Sue Scheff: School Violence – Teens bringing weapons to school

Last week I wrote about School Violence.  This is a topic every parent, teacher, guidance counselor and all that work with kids today need to take the time to be educated about.  What happened in South Florida last week is yet another wake-up call.  Connect With Kids has this timely article with parenting tips.  Be an educated parent, you will have a safer teen.

weaponsSource: Connect with Kids

Bringing Weapons to School

“I’ve done jail time I never thought I would do because I had a weapon at school.  You know, I might have felony charges.”

– Scott, 18 years old

It’s happened again- another murder in an American school.  This time it was a student stabbed to death by another boy at an affluent high school in suburban Miami.  The boys were reportedly fighting over a girl.

But why did the boy bring a weapon to school in the first place?

Eighteen-year-old Scott may shed some light on this problem.  Now in an alternative school, he says he brought a gun to school for two reasons.  “Maybe I thought I’d be a little safer, and just having a weapon, you just feel like you’re a little more important.”

Experts say safety and status are often the reasons kids bring weapons to school.  “Kids carry weapons for the same reason that adults carry weapons, for self-protection,” says Dr. Katherine Christoffel with the Handgun Epidemic Lowering Plan Network.
 
“Or, they want to feel powerful,” says psychologist Dr. Nancy McGarrah.

According to the Centers for Disease Control and Prevention, 18 percent of students say they’ve brought a weapon to school in the past 30 days.  And nearly half say it’s for protection.

“It tends to be kids with low self-esteem, kids that don’t feel like they have a lot of power and control in their life in general,” Dr. McGarrah says.
 
Eleven-year-old Philip, who is only in 6th grade, brought a knife to school.  His reason: to defend himself against bullies, who he says are constantly on his case.  “Hitting you upside the head with books, or pushing your head into the locker – it just, it scares you.”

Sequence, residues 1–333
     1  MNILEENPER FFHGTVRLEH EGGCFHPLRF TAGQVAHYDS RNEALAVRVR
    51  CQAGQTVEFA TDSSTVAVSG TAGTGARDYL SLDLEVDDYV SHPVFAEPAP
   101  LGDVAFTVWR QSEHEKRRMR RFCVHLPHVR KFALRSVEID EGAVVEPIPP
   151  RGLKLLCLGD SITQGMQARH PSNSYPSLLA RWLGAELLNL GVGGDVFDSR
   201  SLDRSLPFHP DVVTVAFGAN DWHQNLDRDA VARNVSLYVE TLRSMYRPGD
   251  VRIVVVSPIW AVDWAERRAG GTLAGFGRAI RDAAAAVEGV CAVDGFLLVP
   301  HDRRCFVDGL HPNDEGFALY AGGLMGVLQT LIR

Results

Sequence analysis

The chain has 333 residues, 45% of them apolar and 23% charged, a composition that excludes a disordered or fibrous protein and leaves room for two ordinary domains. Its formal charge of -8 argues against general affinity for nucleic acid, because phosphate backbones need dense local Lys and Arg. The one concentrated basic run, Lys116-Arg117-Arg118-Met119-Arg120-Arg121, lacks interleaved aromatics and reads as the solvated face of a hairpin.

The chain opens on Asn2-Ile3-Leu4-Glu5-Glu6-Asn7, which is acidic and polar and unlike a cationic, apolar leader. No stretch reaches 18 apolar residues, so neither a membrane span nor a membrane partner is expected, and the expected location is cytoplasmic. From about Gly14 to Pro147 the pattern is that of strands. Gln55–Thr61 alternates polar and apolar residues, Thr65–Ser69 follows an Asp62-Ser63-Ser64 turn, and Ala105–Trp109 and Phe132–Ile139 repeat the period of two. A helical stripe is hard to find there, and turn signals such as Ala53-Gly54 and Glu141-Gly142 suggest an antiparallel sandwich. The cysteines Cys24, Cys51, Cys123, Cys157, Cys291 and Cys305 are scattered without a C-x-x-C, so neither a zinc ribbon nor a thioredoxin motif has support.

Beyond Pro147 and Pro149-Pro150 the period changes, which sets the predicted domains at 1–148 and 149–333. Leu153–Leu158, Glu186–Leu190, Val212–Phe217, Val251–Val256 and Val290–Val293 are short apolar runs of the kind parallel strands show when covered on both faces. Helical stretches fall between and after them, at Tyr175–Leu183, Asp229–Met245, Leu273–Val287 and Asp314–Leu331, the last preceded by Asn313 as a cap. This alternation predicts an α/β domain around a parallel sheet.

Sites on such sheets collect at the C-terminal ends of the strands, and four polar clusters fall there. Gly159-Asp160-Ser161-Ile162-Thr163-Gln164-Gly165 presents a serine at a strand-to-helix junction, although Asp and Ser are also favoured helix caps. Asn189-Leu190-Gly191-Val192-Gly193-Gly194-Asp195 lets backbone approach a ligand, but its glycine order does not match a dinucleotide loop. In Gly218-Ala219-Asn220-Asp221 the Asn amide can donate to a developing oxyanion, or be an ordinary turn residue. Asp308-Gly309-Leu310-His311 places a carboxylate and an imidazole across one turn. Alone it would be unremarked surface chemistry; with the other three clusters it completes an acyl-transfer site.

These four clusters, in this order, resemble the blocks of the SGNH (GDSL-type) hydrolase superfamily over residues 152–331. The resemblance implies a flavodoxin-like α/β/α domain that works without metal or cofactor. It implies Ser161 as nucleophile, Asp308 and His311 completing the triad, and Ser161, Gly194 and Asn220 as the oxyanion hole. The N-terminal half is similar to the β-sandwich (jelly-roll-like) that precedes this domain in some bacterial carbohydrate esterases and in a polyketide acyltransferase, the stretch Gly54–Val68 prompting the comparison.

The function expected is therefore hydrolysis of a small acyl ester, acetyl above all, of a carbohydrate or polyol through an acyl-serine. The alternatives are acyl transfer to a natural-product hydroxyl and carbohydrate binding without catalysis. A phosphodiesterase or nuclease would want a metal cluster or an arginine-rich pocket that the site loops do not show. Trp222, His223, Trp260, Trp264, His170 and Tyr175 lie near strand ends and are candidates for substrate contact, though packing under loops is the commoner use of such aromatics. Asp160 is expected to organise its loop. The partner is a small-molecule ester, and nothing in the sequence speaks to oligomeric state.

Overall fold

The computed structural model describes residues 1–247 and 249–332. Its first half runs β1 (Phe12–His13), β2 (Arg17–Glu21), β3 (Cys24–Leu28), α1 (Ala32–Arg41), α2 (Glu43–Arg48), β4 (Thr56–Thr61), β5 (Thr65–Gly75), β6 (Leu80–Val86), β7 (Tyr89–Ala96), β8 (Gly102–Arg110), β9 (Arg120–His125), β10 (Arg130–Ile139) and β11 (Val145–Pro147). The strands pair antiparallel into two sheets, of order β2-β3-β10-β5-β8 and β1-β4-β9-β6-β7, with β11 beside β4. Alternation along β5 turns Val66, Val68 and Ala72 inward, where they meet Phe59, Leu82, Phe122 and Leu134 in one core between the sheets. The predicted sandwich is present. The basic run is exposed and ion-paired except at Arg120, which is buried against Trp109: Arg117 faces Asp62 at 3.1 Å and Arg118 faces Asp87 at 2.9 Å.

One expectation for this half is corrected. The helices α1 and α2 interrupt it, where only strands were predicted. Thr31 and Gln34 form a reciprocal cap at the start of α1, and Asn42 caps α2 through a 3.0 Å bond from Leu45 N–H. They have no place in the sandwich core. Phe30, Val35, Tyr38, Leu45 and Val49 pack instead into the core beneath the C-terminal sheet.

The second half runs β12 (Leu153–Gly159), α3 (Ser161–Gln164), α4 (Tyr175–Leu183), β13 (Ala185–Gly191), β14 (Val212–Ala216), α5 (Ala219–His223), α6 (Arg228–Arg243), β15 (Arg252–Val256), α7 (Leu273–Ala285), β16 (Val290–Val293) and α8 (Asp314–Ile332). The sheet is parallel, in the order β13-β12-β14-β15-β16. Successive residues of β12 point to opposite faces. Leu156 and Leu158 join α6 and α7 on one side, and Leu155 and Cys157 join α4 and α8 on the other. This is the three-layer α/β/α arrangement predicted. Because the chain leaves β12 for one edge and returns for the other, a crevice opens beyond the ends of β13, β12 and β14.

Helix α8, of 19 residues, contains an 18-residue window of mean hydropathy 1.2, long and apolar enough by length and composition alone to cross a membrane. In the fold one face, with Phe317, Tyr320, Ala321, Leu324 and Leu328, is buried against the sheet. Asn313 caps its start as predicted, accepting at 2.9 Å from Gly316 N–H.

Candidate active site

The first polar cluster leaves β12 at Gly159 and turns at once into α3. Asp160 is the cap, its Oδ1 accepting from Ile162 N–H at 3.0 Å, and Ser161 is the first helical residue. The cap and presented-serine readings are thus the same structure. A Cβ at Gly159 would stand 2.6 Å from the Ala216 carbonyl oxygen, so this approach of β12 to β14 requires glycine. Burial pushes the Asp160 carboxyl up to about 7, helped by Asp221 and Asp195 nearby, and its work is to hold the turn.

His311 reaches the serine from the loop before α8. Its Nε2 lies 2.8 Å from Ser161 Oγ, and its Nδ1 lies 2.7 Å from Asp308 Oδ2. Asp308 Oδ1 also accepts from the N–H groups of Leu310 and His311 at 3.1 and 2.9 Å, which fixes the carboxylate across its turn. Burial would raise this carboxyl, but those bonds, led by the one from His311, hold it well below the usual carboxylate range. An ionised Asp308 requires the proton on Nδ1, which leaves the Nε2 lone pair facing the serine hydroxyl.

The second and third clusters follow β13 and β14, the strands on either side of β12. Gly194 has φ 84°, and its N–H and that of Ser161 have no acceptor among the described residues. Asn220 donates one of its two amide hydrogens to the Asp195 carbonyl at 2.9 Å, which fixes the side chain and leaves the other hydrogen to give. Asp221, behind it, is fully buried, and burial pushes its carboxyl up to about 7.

Experts say parents have to be very specific when discussing the consequences of taking a weapon to school.  Explain in detail the many ways students could be caught, which would likely lead to arrest, followed by being kicked out of school.   
 
Scott would give kids this message: “There’s many things that maybe you looked down the road your life thinking on planning on having, that’s just gone down the drain for having a weapon at school.”
 
Experts warn that logic may not be effective for all children.  If your child seems depressed, and especially if he shows an unusual interest in weapons, you may want to consult a professional therapist.
 
“You need expert help,” Dr. McGarrah says. “You shouldn’t try to handle that alone.”

Tips for Parents

According to the Harvard Injury Control Research Center, children who witness violence have higher rates of mental disturbances, including post-traumatic stress syndrome, distress, depression and aggressive behavior.   While this isn’t surprising, researchers are taking interest in the increased number of U.S. children who witness violent acts in their daily lives.  The rate of incidence is especially high among inner-city youth.

Consider these facts from the American Academy of Pediatrics (AAP):

  • New Haven, ConnecticutAlmost all eighth-graders who were studied knew someone who had been killed.
  • Los Angeles, California:  Researchers estimated that children witnessed 10-20% of all homicides.
  • Chicago, Illinois:  One-third of the children studied witnessed a homicide, and two-thirds witnessed a serious assault.
  • Boston, Massachusetts:  Of the children under age 6 who were surveyed, one of every 10 witnessed a shooting or stabbing.
  • New Orleans, Louisiana:  Fifty-one percent of fifth-graders in a study were victims of violence, while 91% witnessed some type of violence.
  • Washington, D.C.Thirty-two percent of children ages six to 10 in a study were victims of violence, and 72% witnessed some type of violence.

The results of the Harvard study on witnessing violence are echoed in previous research from the American Psychological Association (APA).  The APA says children who see violent acts are at a greater risk for becoming victims of violence or participating in violent behavior.  Growing up as a witness to violence can result in these additional consequences:

  • Substance abuse
  • Emotional disorders
  • Poor achievement in school
  • Aggressive behavior
  • Serious injuries
  • Health problems
  • Suicide attempts
  • Separation and divorce
  • Physical and mental disabilities

References

  • American Academy of Pediatrics
  • American Psychological Association
  • Harvard Injury Control Research Center
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